Behind The Book: Dinner For One


The moment you find yourself looking into the eyes of your person–the person you’ve decided was the love of your life–and declaring and promising to them, the officiant, your family, and friends that your love will last a lifetime and include physical manifestations of said love in the form of mini-people I doubt divorce ever crosses one’s mind. Divorce, like any other life tragedy, is something that one understands could potentially happen to them but they never think it will

So, when I found myself alone and divorced in Paris three years after declaring my love and making my promises in the city hall of the 15th arrondissement I was bereft. The future I had envisioned for myself and my now ex-husband evaporated into thin air. The hope I held in my heart of experiencing the most remarkable exploration of devotion and love that two human beings can give to each other was no longer an option. And what about the mini-mes? I began the daily exercise of removing potential baby names from the Notes section of my iPhone. 

Like any tragedy, there are many ways of confronting, accepting, and healing. Some people go to yoga retreats. Others maybe devote themselves to a new hobby or set a new fitness goal. However, my companion, crutch, and, ultimately my downfall, was on the less healthy spectrum. I chose denial, partying, and wine as my partners in recovery. Suffice to say, the initial months of my breakup come back to me in fast flashes of regret that I so badly want to forget and expunge from my memory but I know that I never will. I need to remember the lowest point of my life in order fully appreciate where I am today. 

After one particularly debaucherous night out in Paris, I realized that I needed to look inward. I needed to take care of myself and bestow kindness onto myself. For me, that came in the form of cooking. The act of taking the time out of my schedule to buy actual food–nothing in a can, box, or pre-prepared–and going back to my apartment made me feel capable and responsible. Every meal that I made for myself, no matter how simple, was proof that if I could do this simple yet meaningful task for myself I was capable of surviving the tornado that had recently touched down in my life. So my nights out at the various cafés that dot the cobblestone streets of Paris were replaced with nights standing in my red-and-white tiled kitchen trying to figure out what to do with the morilles (morel mushrooms) and violet-colored garlic the man at the greengrocer convinced me to buy.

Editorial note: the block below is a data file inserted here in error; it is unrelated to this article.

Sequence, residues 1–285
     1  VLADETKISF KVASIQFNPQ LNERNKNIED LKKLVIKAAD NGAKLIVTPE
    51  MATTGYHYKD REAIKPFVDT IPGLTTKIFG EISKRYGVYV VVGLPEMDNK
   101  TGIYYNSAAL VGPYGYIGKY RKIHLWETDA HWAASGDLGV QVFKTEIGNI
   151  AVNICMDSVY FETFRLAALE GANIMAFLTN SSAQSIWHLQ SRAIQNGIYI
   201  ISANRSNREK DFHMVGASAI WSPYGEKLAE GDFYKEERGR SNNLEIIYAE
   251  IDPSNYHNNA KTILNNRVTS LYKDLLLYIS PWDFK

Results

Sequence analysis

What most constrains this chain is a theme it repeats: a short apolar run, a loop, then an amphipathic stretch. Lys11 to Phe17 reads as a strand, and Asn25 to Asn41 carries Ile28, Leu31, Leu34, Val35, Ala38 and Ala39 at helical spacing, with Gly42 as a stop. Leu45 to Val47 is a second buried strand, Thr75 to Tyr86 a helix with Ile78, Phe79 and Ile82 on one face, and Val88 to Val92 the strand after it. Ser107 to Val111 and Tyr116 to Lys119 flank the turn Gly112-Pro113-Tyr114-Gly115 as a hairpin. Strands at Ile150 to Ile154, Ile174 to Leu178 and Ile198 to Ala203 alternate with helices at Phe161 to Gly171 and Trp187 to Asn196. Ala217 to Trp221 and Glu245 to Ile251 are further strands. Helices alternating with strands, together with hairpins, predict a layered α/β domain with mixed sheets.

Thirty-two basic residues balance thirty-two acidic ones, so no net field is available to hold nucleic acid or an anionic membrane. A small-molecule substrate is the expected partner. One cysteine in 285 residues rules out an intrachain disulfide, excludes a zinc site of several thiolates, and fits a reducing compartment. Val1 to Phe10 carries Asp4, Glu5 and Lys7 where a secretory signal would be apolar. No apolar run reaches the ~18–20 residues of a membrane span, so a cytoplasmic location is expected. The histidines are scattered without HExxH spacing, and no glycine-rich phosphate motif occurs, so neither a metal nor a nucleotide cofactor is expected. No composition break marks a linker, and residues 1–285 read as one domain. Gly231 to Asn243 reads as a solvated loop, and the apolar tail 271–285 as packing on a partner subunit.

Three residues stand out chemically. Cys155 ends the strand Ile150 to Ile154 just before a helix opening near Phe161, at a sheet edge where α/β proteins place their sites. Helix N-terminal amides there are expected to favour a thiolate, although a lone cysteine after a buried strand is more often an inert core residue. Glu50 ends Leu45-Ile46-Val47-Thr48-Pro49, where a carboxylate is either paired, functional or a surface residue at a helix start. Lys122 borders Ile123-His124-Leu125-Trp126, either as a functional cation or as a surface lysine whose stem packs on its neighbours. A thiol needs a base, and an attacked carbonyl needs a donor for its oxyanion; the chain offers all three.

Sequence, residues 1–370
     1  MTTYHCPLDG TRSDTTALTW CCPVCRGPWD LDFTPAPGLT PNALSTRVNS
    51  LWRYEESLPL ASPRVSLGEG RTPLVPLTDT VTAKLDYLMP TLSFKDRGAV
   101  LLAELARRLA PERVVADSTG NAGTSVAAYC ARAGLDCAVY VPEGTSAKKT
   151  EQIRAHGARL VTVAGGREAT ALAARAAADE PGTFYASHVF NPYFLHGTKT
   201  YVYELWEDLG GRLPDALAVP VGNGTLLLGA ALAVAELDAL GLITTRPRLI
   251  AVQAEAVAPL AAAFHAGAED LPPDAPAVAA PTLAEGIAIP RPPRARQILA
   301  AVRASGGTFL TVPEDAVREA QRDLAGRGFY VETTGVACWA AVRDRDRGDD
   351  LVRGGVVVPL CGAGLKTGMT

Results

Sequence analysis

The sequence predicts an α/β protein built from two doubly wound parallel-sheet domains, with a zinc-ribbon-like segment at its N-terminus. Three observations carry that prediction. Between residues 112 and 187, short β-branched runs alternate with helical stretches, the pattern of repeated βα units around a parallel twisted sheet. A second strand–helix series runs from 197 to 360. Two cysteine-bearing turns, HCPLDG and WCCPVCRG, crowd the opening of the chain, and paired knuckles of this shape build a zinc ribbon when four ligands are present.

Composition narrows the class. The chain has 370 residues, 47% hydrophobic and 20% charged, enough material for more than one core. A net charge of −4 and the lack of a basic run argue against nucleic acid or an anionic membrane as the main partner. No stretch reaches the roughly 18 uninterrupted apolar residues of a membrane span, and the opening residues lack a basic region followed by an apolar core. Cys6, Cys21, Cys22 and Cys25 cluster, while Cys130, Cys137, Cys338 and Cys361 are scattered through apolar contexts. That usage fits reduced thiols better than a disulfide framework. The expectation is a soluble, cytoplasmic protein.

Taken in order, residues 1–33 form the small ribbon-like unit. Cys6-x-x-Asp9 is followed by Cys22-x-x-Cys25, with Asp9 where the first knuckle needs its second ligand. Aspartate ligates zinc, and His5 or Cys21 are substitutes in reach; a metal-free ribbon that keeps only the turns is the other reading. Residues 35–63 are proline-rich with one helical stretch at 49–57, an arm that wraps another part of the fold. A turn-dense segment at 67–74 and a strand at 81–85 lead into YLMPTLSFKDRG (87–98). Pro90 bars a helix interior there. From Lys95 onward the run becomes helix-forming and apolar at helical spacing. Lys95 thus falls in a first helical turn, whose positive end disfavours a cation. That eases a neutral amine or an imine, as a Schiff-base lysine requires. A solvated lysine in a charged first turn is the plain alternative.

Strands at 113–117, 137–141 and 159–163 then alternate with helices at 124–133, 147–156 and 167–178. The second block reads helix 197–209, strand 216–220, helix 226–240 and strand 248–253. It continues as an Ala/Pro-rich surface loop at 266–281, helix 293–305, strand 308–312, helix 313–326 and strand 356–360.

When I could have easily gone to a restaurant and surrounded myself with people or continue my hunt for husband number two, I was using this time to reconnect with myself. My dinners for one went far beyond putting food in my stomach; they nursed my body, heart, and spirit and propelled me into action.  The meditative act of cooking for myself gave me the time to reflect and brought an immeasurable about of good to my life. In those reflective moments of stirring, tasting, searing, and roasting  I realized that my life was mine to design, and my success in Paris depended on genuinely believing that I belonged and deserved to be here. I was slowly coming home to myself. 

Although my love story didn’t continue as I hoped it would, through the agony of divorce and finding peace through cooking for one I’ve learned the true meaning of caring for myself. The practice of cooking for one brought me so much good. Making solo dinners gave me the courage to not succumb to my divorce, but to transform through it.  I stopped punishing myself and replaced self-harm with kindness and compassion. From the darkness of divorce and love lost came a deeper understanding of who I am and a love of myself that I didn’t know was missing, but I am forever grateful that I discovered and wholly embraced them. 



Dinner for One by Sutanya Dacres

Dinner For One by Sutanya Dacres

From podcast host Sutanya Dacres comes Dinner for One, an unforgettable memoir of how she rebuilt her life after her American-in-Paris fairy tale shattered, starting with cooking dinner for herself in her Montmartre kitchen

When Sutanya Dacres married her French boyfriend and moved to Paris at twenty-seven, she felt like she was living out her very own Nora Ephron romantic comedy. Jamaican-born and Bronx-raised, she had never dreamed she herself could be one of those American women in Paris she admired from afar via their blogs, until she met the man of her dreams one night in Manhattan. A couple of years later, she married her Frenchman and moved to Paris, embarking on her own “happily-ever-after.” But when her marriage abruptly ended, the fairy tale came crashing down around her.

Reeling from her sudden divorce and the cracked facade of that picture-perfect expat life, Sutanya grew determined to mend her broken heart and learn to love herself again. She began by cooking dinner for one in her Montmartre kitchen. Along the way, she builds Parisienne friendships, learns how to date in French, and examines what it means to be a Black American woman in Paris—all while adopting the French principle of pleasure, especially when it comes to good food, and exploring what the concept of self-care really means.

Brimming with charm, humor, and hard-won wisdom, Sutanya’s story takes you on an adventure through love, loss, and finding where you truly belong, even when it doesn’t look quite how you expected.

Available at:

Amazon | Barnes & Noble | Google Play | Kobo | Apple Books | Indiebound | Indigo | Audible | Goodreads

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